WGCNA with paired samples
1
3
Entering edit mode
2323982403 ▴ 50
@2323982403-11356
Last seen 13 months ago
Ann Arbor

Dear all,

I'm analyzing microarray data using wgcna. I have 36 paired samples from 18 persons.Each person has two samples, one before a 6 week endurance training program,and one after the training program. We're investigating the exercise effects on gene expression using wgcna. We want to find modules that are differentially expressed before and after the training program(eg: MEs that have high values before exercise and low values after exercise). 

Here is the question, I thought I might have several ways to do it:

  1. Split the whole dataset accroding to exercise status into two 18-sample datasets, then perform wgcna to find consensus modules in the two datasets, compute consensus MEs in each dataset, and find which ME is significantly different in the two datasets using paired-t test.

 2. Just handle the 36 samples as a whole, and find MEs that is significantly different before and after exercise using paired-t-test.

 3. For each person, compute the gene expression ratio( ratio=value before exercise/value after exercise), and use the ratio as wgcna input.

 

 I would like to know: how to best utilize the power of paired design for co-expression analysis? And I want to figure out the flaws and strength of each kind of design above.

 For the second design, to handle 36 samples as a whole, I'm wondering if these paired designs would interfere with the computing of correlation coefficients, and thus lead to unreal outcome. 

wgcna paired samples exercise • 1.9k views
ADD COMMENT
5
Entering edit mode
@peter-langfelder-4469
Last seen 3 months ago
United States

From the point of view of WGCNA, it is best to use either approaches 2 or 3. Each has advantages and drawbacks. If the between-subject variability is stronger than the measurement noise in the data, you may be better of with approach 3, but if the between-subject variability is relatively low, it may be better to go with approach 2. I don't see how approach 1 would be useful in answering your question except if you had a hypothesis that the network organization is different pre- and post-training.

Paired designs do not interfere with WGCNA's calculations - but WGCNA, in its simplest form, is not designed to take advantage of the paired design.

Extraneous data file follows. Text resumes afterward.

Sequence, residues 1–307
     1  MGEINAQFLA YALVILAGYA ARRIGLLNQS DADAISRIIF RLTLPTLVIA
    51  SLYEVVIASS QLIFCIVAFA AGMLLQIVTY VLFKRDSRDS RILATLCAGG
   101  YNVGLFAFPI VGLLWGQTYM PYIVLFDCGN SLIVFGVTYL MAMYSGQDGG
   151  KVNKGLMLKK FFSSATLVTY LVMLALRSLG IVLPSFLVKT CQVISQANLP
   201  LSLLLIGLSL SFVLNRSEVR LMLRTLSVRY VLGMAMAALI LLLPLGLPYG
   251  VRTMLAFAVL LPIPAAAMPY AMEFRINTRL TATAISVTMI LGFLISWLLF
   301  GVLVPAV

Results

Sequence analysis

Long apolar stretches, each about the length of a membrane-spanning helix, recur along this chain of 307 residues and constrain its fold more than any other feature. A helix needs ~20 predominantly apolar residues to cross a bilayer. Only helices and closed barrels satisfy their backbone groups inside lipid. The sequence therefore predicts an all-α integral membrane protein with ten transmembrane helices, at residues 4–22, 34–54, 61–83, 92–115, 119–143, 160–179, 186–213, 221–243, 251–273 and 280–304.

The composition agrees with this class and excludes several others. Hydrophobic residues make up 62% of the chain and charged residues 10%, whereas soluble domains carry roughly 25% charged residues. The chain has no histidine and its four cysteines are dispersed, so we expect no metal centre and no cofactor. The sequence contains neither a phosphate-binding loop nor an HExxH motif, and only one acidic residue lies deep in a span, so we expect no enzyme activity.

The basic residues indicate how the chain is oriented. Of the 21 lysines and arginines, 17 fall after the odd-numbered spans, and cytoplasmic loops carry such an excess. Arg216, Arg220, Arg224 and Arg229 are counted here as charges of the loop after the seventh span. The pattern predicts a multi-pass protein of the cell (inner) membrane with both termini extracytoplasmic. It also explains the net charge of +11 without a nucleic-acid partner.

Peter

ADD COMMENT
0
Entering edit mode

I don't see how approach 1 would be useful in answering your question except if you had a hypothesis that the network organization is different pre- and post-training.

Is this a crazy idea? I would think that certain genes with low basal expression values and low module membership overall, can be recruited by an experimental condition to form a new module... reading this post made me doubt of such assumption

ADD REPLY
1
Entering edit mode

It could happen but it is in my experience not very common, and it is more difficult to detect.

ADD REPLY
0
Entering edit mode

I’ve read in other posts that a strong driver of gene expression could reduce the number of modules. Trying to put that together with what you just said, I am thinking that in the case of low numbers of modules due to a strong biological relevant driver the modules will still be there, but the algorithm will not be able to separate them. Thus, I will only be able to detect the metamodule. If this is true, it will make sense to use a reference network to study module-phenotype correlations when a strong gene expression driver is present, instead of building a network with those data. Does this make sense? Thanks!

ADD REPLY
1
Entering edit mode

You could do that, just be aware that module eigengenes may not be meaningful since the genes in each module are not necessarily correlated. My experience is that when you have strong driver(s), the eigengene of pretty much any large-enough random group of genes will be strongly associated with the strong driver.

I usually try a consensus analysis of the data with the strong driver and a data set where the driver is absent, which I usually obtain by simply regressing the strong driver out of the data, but you could also try using some unrelated reference data. This will typically yield multiple smaller modules that are coexpressed in both the driver-driven data and the other data, so eigengenes are good representatives and can be used to study association with traits.

ADD REPLY

Login before adding your answer.

Traffic: 171 users visited in the last hour
Help About
FAQ
Access RSS
API
Stats

Use of this site constitutes acceptance of our User Agreement and Privacy Policy.

Powered by the version 2.3.6